The 30th annual Graduate Business Conference promises to be not only of great importance to the Graduate Business Forum, but also to our School. With the selected theme of “Size Matters”, delegates will have the opportunity to hear from a variety of business and academic leaders on issues of how size impacts decisions and outcomes, participate in best practice sessions, network, and explore Rochester’s heritage. Simon students, in turn, will have the opportunity to organize the Conference and our School will benefit from the visibility associated with hosting the gathering.

We are all excited about this amazing opportunity! 



Why getting your MBA “Early” is a great decision

By Lilly Testa

There are a variety of reasons to pursue an MBA.  Some people want to change careers, some look to accelerate the climb up the corporate ladder, and some need to enhance or compliment the skills they already have.  Regardless of your purpose in pursuing an MBA, many students postpone this educational milestone because they know that industry practice is to have 3-5 years of formal, post-graduate (that means internships don’t count) work experience before returning for the degree.

However, this trend has been changing in recent years.  What many colleges around the nation are realizing – and Simon was one of the first to take action – is that students with 0-3 years of formal work experience can be as successful with an MBA, or MORE, than some of their more work-seasoned counterparts.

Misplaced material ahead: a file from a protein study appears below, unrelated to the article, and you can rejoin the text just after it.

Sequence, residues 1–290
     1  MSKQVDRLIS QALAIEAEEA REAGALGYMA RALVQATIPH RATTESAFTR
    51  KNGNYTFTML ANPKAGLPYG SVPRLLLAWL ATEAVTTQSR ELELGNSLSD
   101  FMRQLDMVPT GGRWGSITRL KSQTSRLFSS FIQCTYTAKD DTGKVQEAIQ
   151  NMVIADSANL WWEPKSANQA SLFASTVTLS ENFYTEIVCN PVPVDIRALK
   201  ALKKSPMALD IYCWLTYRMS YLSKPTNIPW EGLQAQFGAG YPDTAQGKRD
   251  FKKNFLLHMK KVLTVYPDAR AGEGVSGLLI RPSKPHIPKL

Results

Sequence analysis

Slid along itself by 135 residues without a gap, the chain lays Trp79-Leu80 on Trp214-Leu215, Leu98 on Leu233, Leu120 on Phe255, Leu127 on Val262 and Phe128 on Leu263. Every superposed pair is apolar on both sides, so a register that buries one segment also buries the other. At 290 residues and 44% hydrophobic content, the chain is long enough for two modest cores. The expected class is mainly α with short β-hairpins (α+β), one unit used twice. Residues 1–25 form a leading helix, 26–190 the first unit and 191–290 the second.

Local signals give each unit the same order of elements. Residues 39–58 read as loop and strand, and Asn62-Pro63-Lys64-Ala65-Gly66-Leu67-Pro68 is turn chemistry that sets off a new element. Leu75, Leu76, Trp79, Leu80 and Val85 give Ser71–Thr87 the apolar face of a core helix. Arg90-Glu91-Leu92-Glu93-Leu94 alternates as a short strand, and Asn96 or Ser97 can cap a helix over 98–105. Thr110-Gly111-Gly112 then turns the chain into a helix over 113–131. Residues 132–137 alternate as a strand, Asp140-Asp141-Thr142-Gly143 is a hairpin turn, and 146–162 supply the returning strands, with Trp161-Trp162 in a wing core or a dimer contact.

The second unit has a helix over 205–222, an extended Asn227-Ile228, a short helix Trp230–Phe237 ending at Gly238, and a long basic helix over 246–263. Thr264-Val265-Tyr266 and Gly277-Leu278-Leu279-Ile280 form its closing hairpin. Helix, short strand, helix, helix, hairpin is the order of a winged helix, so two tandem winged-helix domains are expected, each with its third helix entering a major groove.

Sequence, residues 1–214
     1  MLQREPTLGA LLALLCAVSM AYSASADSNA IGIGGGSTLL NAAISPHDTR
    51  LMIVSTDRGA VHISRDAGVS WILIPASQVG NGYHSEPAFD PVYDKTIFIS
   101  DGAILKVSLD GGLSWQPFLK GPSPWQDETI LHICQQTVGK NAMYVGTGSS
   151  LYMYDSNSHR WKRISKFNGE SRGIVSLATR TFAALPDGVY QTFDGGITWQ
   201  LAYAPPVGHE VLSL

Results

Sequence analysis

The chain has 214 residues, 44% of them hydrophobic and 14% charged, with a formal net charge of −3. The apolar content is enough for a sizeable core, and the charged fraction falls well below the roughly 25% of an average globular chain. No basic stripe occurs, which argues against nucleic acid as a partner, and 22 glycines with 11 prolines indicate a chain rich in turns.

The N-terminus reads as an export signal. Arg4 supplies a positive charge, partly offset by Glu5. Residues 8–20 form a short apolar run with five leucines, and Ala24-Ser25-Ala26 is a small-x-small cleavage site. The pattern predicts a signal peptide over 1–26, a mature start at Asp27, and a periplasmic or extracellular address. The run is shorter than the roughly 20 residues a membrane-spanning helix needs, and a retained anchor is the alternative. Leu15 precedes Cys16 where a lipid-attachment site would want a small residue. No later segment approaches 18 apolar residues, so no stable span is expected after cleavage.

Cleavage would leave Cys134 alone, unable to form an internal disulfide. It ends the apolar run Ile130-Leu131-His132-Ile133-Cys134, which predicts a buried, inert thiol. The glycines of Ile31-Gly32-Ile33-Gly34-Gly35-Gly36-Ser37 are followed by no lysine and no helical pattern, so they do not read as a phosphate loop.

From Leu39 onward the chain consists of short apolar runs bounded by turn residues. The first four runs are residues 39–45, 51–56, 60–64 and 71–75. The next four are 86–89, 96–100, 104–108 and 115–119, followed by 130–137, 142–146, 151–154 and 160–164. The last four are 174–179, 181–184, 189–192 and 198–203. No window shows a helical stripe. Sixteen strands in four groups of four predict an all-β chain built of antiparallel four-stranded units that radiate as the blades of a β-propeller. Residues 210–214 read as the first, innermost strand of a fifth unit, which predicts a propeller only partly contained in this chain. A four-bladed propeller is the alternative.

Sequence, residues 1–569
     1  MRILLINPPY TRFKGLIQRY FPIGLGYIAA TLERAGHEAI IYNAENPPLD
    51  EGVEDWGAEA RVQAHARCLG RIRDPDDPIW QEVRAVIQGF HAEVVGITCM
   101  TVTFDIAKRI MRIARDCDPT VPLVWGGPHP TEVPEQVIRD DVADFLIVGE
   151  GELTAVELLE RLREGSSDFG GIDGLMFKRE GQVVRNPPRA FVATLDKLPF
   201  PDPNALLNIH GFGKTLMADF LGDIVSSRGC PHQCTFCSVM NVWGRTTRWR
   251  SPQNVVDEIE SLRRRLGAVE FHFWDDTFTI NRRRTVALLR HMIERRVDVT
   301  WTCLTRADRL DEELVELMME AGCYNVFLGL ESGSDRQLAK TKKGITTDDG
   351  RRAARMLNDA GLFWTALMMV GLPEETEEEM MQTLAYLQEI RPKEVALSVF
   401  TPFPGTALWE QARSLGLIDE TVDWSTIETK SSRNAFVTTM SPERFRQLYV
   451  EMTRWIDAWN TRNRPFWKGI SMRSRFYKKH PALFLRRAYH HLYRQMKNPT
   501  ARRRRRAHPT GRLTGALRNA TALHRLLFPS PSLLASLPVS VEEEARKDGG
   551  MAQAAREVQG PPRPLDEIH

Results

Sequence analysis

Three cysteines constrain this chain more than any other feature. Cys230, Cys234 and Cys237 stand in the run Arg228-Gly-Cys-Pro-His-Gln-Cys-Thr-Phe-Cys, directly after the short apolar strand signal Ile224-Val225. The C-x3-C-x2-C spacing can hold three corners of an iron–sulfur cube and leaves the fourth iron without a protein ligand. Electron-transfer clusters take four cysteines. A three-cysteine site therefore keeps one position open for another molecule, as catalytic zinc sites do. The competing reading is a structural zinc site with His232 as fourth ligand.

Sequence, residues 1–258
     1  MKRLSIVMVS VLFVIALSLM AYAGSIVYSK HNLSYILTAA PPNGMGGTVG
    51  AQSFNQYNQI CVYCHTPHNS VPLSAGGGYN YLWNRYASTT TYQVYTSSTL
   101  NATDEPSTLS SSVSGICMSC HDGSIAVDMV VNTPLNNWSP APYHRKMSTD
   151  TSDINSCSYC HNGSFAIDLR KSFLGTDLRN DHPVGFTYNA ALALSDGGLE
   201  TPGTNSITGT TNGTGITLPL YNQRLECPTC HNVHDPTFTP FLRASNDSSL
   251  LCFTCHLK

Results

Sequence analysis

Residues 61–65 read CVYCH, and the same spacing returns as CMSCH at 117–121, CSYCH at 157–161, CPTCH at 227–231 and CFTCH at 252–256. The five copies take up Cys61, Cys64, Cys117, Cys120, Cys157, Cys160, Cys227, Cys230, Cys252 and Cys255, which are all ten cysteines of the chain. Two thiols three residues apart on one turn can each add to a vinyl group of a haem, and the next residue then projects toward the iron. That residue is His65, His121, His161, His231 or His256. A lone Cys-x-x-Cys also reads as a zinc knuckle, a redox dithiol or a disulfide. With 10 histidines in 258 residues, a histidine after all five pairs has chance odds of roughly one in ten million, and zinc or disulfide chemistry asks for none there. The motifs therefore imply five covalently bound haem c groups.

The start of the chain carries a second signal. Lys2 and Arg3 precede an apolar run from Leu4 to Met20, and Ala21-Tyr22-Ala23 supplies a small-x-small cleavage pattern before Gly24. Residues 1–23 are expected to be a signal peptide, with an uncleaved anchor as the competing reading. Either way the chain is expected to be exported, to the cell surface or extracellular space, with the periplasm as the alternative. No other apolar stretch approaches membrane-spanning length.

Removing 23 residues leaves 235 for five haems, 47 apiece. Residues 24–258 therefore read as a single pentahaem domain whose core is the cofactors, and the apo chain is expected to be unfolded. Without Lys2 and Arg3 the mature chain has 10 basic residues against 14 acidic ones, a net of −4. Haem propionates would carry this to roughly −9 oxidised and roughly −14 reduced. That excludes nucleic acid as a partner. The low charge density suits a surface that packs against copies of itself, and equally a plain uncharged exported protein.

For many years now, the Simon School has taken to admitting Early Leaders, or those who apply with 0-3 years of formal work experience.  This provides a high return on investment for the student as well as the ability to pursue a graduate-level management degree many have planned to obtain regardless.  There are a number of benefits I will detail below.

• Obtaining the MBA when you are a recent graduate means that you still understand how to learn in a college setting.  Many students who have been in the workforce for 3+ years have forgotten how to study, take tests, write academic papers and read class materials efficiently while balancing the other parts to their lives. You do not!
• Going directly from an undergraduate to a graduate program means you have not experienced and will not experience lost income from a full-time job.  Many students returning to school are used to salary income, and being a student with no income for much of the academic year can be a tough transition.  As students with no or only a little earning experience, this is not as difficult of a transition.
• Additionally, when looking at the opportunity cost of getting your MBA sooner rather than later, students have the ability to earn a higher income in the long-run.  The following information can be found on our website, but I would like to draw your attention to it here:  The accompanying table shows why pursuing the M.B.A. now yields an appreciably higher value later since individuals secure the post-M.B.A. salary jump sooner and then see it compounded by subsequent annual wage increases. At the same time, these individuals sacrifice less in salary to attend business school than someone who has worked for several years prior to enrolling.